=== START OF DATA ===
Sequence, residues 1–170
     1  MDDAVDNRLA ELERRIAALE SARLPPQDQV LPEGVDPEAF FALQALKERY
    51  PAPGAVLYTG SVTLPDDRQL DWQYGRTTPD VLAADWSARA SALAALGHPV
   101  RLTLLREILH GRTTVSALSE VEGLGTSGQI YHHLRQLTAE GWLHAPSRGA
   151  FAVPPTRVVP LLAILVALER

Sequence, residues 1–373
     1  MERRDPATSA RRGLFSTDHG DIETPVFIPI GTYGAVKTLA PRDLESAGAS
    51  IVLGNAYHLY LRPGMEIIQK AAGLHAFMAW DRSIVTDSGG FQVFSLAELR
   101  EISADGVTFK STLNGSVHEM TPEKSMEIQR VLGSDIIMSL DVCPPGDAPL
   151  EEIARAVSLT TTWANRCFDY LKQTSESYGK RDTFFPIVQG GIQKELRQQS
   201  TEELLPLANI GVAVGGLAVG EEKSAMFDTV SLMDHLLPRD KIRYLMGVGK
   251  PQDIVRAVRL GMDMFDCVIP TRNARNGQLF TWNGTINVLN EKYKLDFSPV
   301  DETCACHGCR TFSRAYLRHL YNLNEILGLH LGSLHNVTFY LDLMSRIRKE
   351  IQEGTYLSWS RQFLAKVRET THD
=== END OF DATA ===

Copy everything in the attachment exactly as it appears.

Sequence, residues 1–170
     1  MDDAVDNRLA ELERRIAALE SARLPPQDQV LPEGVDPEAF FALQALKERY
    51  PAPGAVLYTG SVTLPDDRQL DWQYGRTTPD VLAADWSARA SALAALGHPV
   101  RLTLLREILH GRTTVSALSE VEGLGTSGQI YHHLRQLTAE GWLHAPSRGA
   151  FAVPPTRVVP LLAILVALER

Sequence, residues 1–373
     1  MERRDPATSA RRGLFSTDHG DIETPVFIPI GTYGAVKTLA PRDLESAGAS
    51  IVLGNAYHLY LRPGMEIIQK AAGLHAFMAW DRSIVTDSGG FQVFSLAELR
   101  EISADGVTFK STLNGSVHEM TPEKSMEIQR VLGSDIIMSL DVCPPGDAPL
   151  EEIARAVSLT TTWANRCFDY LKQTSESYGK RDTFFPIVQG GIQKELRQQS
   201  TEELLPLANI GVAVGGLAVG EEKSAMFDTV SLMDHLLPRD KIRYLMGVGK
   251  PQDIVRAVRL GMDMFDCVIP TRNARNGQLF TWNGTINVLN EKYKLDFSPV
   301  DETCACHGCR TFSRAYLRHL YNLNEILGLH LGSLHNVTFY LDLMSRIRKE
   351  IQEGTYLSWS RQFLAKVRET THD